Fission products (FP) release and transport in case of PWR severe accident (SA) is a major topic in reactor safety assessment due to the potential radiological consequences for surrounding populations and the environment. In this context, the Institute for Radiological Protection and Safety (IRSN) and Electricité de France (EDF) have supported the VERCORS analytical test program which was performed by the "Commissariat à l'Energie Atomique" (CEA). It is usually considered as complementary to the PHEBUS FP in-pile integral experimental program.
25 annealing tests were performed between 1983 and 2002 on irradiated PWR fuels under various conditions of temperature and atmospheres (oxidising or reducing conditions).The influence of the nature of the fuel (UO2 versus MOX, burn-up) and the fuel morphology (initially intact or fragmented fuel) have also been investigated. These led to an extended data base allowing on the one hand to study mechanisms which promote FP release in SA conditions, and on the other hand to enhance models implemented in SA codes.
Among all the FP investigated, ruthenium is of specific concern because of its high radiological effects due essentially to the combination of both its short and long half-life isotopes (i.e. 103Ru and106Ru respectively), but also by its ability to generate volatile gaseous oxides (RuO3, RuO4) in very oxidising conditions, in particular in the case of air ingress accidents. Important uncertainties still remain on the release and transport of this element in such situations, and investigations on this open issue are notably carried out in the SARNET European framework.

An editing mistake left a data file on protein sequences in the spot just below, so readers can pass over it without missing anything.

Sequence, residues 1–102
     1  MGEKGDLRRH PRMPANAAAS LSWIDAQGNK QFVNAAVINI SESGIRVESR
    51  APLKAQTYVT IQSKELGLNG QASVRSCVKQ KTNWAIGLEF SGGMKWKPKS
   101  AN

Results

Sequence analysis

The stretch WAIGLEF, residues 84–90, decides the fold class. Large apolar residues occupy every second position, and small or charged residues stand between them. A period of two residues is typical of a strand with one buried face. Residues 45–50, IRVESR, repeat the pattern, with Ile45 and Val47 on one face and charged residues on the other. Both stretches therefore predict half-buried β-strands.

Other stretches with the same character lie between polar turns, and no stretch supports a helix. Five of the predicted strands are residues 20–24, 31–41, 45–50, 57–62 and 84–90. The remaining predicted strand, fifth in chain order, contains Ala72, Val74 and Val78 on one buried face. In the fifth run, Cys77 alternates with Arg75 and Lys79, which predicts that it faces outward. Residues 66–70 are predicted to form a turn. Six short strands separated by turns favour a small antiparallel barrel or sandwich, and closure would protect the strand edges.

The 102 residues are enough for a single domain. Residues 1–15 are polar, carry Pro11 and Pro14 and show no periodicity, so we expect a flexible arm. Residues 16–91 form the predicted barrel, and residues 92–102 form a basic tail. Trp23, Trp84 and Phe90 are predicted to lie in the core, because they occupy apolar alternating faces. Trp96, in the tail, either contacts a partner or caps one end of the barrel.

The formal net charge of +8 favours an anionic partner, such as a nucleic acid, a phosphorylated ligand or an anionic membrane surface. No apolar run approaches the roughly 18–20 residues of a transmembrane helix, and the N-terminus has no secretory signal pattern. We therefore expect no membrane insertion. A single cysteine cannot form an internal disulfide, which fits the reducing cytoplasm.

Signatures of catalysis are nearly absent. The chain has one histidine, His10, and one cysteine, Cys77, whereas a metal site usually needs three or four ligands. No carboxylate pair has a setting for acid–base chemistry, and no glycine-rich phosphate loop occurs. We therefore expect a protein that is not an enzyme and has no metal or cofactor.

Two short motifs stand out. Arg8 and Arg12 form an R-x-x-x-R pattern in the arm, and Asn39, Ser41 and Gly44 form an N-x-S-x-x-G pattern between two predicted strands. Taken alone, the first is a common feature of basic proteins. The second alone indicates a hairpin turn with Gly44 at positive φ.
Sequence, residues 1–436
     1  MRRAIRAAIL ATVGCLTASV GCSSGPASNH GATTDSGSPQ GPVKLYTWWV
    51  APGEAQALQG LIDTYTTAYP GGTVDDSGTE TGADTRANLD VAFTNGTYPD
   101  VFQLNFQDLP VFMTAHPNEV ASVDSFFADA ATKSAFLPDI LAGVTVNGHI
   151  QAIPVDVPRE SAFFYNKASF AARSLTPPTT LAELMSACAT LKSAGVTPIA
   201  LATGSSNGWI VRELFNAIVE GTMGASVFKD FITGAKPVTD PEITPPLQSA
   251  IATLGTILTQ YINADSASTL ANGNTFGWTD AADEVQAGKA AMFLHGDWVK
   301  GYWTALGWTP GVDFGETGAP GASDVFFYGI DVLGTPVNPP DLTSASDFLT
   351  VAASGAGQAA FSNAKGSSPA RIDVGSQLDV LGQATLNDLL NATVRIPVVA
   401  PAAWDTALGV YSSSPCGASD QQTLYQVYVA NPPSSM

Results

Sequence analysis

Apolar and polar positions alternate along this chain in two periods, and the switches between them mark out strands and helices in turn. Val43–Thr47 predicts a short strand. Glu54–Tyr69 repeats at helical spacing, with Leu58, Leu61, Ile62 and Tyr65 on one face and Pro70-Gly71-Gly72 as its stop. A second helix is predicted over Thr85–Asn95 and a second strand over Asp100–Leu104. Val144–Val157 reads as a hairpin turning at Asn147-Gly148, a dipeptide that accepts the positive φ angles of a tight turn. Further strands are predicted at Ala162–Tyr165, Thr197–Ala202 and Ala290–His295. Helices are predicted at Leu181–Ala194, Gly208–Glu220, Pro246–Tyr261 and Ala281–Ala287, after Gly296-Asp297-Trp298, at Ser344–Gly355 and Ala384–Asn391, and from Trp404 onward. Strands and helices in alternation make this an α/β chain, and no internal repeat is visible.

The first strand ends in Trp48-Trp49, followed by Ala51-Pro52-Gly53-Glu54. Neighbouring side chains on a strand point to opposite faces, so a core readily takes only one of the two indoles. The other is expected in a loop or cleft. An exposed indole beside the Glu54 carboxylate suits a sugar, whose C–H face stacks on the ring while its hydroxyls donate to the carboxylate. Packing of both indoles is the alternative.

The present communication gives a general overview of the VERCORS program and presents more deeply the main findings concerning the ruthenium release.
Its global behaviour is analysed on the basis of several comparative tests :
Same UO2 sample (35 and 50 GWd/t) under hydrogen or steam conditions,
Similar MOX sample (40 GWd/t) under hydrogen or mixed (steam and hydrogen) conditions
Similar oxidising conditions for UO2 samples at different burn-up from 35 to 70 GWd/t.
Significant ruthenium release has been evidenced in pure steam conditions from high burn-up fuels. A lack of data still exist under air conditions and will be completed in a future analytical program, the VERDON program, devoted to FP release from high burn-up UO2 and MOX fuels. This new program is part of the International Source Term Program (ISTP) launched by CEA, EDF and IRSN, and open to foreign collaboration.
(1) : CEA
(2) : IRSN
(3) : EDF